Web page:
Welcome to Common Gunsense

I hope this blog will provoke some thoughtful reflection about the issue of guns and gun violence. I am passionate about the issue and would love to change some misperceptions and the culture of gun violence in America by sharing with readers words, photos, videos and clips from articles to promote common sense about gun issues. Many of you will agree with me- some will not. I am only one person but one among many who think it's time to do something about this national problem. The views expressed by me in this blog do not represent any group with which I am associated but are rather my own personal opinions and thoughts.

Thursday, February 6, 2014

Gun nut or responsible gun owner?

As my readers know, I write a lot about shooting incidents, some of them completed by otherwise "law abiding" gun owners, some by those who shouldn't have access to guns in the first place. I write about irresponsible behavior with guns as well. Why? Because we have a problem in America. Too many people are being shot in avoidable senseless shootings. We are not having a rational national discussion about the role of guns and the problem of gun violence in America. Whenever a national discussion occurs, like it did after the Sandy Hook school shooting that horrified the nation, it becomes irrational in a hurry. The gun rights extremists refuse to contemplate a country where stronger gun laws co-exist with rights to own guns. It has become a national embarrassment, and inexcusable, to say the least.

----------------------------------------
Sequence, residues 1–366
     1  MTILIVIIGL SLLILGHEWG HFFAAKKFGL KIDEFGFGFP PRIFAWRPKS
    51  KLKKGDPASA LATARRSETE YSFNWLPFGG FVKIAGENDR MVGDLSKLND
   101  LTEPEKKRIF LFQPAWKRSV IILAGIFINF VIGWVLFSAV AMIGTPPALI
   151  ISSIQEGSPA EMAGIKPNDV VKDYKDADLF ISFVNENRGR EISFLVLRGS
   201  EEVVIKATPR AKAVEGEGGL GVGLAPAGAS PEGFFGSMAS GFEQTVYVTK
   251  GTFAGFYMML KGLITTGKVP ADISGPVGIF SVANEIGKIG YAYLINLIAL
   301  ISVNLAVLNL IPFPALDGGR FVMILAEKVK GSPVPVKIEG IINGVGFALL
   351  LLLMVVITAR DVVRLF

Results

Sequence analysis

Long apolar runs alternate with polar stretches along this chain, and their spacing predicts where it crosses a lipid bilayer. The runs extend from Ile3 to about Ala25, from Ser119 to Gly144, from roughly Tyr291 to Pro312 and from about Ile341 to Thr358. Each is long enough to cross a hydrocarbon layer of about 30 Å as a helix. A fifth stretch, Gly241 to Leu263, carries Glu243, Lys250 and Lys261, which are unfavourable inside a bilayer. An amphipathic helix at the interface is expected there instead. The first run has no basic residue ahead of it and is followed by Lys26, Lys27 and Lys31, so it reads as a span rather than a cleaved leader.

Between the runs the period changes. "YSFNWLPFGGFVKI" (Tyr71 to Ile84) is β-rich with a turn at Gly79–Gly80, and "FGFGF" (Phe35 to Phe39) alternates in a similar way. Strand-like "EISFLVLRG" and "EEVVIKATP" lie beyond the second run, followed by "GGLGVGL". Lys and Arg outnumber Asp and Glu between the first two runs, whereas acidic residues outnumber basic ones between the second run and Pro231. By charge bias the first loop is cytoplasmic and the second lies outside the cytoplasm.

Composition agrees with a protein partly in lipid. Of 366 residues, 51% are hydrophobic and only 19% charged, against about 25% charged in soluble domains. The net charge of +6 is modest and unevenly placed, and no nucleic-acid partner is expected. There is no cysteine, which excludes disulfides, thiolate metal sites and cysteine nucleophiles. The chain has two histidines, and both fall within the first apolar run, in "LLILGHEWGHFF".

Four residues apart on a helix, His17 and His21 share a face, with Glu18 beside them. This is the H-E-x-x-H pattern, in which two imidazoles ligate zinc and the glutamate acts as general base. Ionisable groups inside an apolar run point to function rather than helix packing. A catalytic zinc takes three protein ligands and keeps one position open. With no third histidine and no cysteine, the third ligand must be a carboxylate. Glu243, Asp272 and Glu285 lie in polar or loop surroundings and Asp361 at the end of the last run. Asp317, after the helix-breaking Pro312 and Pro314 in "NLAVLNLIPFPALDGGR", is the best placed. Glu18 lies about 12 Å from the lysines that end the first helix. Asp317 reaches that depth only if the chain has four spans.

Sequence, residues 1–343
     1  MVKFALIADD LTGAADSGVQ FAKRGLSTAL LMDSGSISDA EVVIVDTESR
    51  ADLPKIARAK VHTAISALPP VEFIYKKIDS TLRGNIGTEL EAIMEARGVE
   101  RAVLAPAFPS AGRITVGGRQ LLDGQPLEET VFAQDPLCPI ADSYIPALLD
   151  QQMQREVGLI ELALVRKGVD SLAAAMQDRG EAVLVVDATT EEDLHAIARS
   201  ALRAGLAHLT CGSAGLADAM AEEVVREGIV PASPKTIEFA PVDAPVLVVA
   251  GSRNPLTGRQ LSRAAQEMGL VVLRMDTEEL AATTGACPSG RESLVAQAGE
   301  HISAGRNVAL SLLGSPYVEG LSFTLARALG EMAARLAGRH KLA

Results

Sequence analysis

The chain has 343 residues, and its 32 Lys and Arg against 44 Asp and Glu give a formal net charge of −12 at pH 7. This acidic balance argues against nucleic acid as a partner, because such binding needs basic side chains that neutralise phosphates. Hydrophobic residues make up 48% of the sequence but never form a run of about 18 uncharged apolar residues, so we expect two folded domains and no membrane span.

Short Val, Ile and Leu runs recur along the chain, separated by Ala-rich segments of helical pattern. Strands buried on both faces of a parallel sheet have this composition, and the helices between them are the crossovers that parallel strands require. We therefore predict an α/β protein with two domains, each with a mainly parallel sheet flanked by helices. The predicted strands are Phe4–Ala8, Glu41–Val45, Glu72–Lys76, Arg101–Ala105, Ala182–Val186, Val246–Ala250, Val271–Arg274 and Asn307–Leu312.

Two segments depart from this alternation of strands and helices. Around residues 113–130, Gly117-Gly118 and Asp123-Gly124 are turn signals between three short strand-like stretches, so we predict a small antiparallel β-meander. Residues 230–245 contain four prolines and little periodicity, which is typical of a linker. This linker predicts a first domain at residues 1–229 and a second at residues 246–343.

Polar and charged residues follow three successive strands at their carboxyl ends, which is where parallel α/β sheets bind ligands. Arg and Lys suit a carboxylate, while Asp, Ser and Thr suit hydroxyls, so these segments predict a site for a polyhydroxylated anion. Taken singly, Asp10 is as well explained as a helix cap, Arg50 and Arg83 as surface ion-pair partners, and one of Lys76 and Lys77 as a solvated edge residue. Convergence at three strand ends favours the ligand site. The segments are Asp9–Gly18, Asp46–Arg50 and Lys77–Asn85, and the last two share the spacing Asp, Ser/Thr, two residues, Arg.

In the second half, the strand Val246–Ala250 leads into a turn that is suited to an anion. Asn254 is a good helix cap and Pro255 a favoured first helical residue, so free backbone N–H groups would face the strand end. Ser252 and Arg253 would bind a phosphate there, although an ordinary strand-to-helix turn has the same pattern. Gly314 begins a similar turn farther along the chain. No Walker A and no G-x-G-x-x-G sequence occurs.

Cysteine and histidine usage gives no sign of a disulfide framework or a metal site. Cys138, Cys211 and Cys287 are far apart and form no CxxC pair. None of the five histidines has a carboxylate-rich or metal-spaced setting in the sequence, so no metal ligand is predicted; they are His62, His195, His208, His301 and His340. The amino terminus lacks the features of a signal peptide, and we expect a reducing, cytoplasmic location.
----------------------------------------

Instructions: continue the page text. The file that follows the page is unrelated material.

Who are these folks who won't abide a rational common sense discussion? I just ran into this great commentary about the gun nuts as compared to the responsible gun owners:
A gun nut is someone who reacts poorly to the idea of following the “well-regulated” portion of the Second Amendment. Gun nuts are angry, vitriolic, slightly (or not so slightly) paranoid, and believe the government and liberals are coming to take all their guns. They hoard guns and ammunition, like they are preparing for the zombie apocalypse, and think anyone who supports better gun laws are the zombies.
The article went on to describe a campaign by Moms Demand Action for Gun Sense in America requesting that a billboard advertising an assault rifle, as if it was as American as apple pie and baseball, be taken down. Assault rifles should not be put in the same category with apple pie and baseball. That is the point. Other countries see America as a country where guns are as important as the every day pleasures of life. What a sad commentary on our culture. Back to the linked article above. The gun rights extremists, or gun nuts as this writer calls them, had to weigh in with ugly and offensive comments. More from the article:
The Chicago Tribune ran an article on the billboard, allowing comments on their website. A woman named Evangeline wrote how upsetting the billboard was to her, and asked how many more kids need to die. In response to Evangeline, a comment appeared that was so deeply offensive, and so heartless, it could only have been written by a gun nut. Here is a screenshot of Jordan Zoot’s comment to Evangeline.